4. SNSDP, SNDPS, PMGR, GGRS, SRMMGRPPDPS
  5. SGR, SMGR, SRGS, PPNPM
  6. Subbarama Dikshitar’s sancara sports the same prayogas found in the above said lakshya gita.
  7. The lakshana shloka found in the SSP beginning ‘sampUrnO sagrahOpeta’ is obviously of AD 1750 vintage probably of Muddu Venkatamakhin and cannot be of Venkatamakhin. For, the original lakshana sloka found in the CDP for Salagabhairavi runs as under (and not as what the SSP says)

               ‘shrIrAga mEla sambhUthO ragaH sAlagabhairavI |

               sampUrna-svara-samyuktA yAmE-gEya-tUrIyakE ||

  • It is well possible that the raga definition had perhaps changed again between AD 1736 (post Saramrutha) and AD 1750 (the time Anubandha was probably compiled) resulting in the change in the lakshana shloka.
  • It is important to note that even the modern-day contour of for Salagabhairavi – SR2M1PD1S/SN2D2PM1G2R2S is even different, to which we will turn to once we analyse the kriti of Tyagaraja in this scale.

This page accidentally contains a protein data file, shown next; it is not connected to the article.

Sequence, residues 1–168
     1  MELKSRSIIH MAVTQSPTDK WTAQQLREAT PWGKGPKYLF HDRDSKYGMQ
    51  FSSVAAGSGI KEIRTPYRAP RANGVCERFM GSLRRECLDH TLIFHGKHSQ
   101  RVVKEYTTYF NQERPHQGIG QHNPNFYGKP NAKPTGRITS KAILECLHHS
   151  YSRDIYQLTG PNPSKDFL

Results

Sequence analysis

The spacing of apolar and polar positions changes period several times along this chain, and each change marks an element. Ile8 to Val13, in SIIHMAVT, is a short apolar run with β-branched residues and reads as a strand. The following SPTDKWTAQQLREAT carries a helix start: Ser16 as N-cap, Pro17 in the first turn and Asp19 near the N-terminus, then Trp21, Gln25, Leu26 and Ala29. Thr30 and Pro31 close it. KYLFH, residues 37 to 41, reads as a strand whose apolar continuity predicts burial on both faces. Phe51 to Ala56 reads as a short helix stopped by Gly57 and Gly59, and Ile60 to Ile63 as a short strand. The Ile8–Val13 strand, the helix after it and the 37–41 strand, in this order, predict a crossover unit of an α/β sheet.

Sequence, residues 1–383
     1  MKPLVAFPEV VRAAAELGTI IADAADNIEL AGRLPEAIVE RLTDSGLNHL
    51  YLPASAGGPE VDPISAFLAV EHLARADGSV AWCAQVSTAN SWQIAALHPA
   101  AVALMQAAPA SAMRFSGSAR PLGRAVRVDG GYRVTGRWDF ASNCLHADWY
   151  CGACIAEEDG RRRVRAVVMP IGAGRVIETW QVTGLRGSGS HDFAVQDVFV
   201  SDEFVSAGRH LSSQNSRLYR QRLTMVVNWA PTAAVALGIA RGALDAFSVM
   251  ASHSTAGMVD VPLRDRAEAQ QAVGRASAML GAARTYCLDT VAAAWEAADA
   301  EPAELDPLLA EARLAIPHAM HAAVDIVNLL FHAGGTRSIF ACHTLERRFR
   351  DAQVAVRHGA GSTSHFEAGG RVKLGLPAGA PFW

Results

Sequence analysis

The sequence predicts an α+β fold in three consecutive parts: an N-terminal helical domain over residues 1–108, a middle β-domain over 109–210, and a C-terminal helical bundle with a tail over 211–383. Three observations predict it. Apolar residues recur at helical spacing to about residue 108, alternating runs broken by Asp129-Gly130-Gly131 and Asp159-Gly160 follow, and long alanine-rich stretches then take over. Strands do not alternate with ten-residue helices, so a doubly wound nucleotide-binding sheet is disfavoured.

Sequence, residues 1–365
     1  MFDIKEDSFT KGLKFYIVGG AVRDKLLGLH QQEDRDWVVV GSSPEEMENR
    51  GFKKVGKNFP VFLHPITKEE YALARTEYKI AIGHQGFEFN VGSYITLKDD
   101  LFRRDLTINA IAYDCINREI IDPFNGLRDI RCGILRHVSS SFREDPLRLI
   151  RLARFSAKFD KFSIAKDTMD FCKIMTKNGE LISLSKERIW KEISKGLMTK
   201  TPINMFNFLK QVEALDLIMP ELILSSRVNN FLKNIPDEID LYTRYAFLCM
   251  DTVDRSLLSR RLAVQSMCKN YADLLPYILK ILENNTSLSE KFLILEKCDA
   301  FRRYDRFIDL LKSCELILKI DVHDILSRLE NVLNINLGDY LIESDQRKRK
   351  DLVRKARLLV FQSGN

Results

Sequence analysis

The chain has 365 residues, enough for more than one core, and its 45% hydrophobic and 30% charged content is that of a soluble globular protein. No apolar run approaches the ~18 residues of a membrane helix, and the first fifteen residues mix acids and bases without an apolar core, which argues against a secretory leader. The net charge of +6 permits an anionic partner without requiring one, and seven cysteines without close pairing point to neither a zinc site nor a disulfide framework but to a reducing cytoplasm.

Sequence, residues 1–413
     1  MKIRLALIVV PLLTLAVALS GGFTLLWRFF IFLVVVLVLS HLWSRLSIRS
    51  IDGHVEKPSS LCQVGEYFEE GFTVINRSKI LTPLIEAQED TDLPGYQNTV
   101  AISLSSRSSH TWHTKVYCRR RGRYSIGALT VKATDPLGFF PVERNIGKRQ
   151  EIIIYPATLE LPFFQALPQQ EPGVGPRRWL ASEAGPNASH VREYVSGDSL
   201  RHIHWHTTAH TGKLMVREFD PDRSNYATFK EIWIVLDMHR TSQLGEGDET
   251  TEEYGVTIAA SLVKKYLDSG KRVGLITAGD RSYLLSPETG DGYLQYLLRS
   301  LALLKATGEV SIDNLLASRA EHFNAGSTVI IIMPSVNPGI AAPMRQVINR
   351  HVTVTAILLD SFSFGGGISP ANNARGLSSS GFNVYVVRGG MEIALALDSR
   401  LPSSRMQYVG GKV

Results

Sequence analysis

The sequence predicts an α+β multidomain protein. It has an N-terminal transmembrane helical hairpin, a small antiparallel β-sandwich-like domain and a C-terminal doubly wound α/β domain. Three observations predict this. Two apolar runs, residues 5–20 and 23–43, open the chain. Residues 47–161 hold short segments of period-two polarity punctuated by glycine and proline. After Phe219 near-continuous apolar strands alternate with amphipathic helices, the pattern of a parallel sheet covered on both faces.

• To state simply, Muthusvami Dikshitar’s Salagabhairavi is
    • aligned more to Sahaji and Tulaja’s version.
    • Aligned also to a fair extent to the lakshya gita ‘Sri Nanda tanu’

And it sports only a sub-set of prayogas from those and eschews the rest. But the conception does not conform to the lakshana shoka provided by Subbarama Dikshitar in the SSP.

It is Subbarama Dikshitar in the SSP who attempts to bridge the Dikshitar version of Salagabhairavi with the one of Muddu Venkatamakhin by providing an alternate arohana/avarohana, as a part of his commentary.

Analysis of ‘Tyagarajena Samrakshitoham”:

With this high-level overview of the theoretical definition of the raga let us move to the kriti. While that may be so what may be of importance for us is to understand Sahaji’s definition and look at the Dikshitar kriti for comparison. The following points would emerge: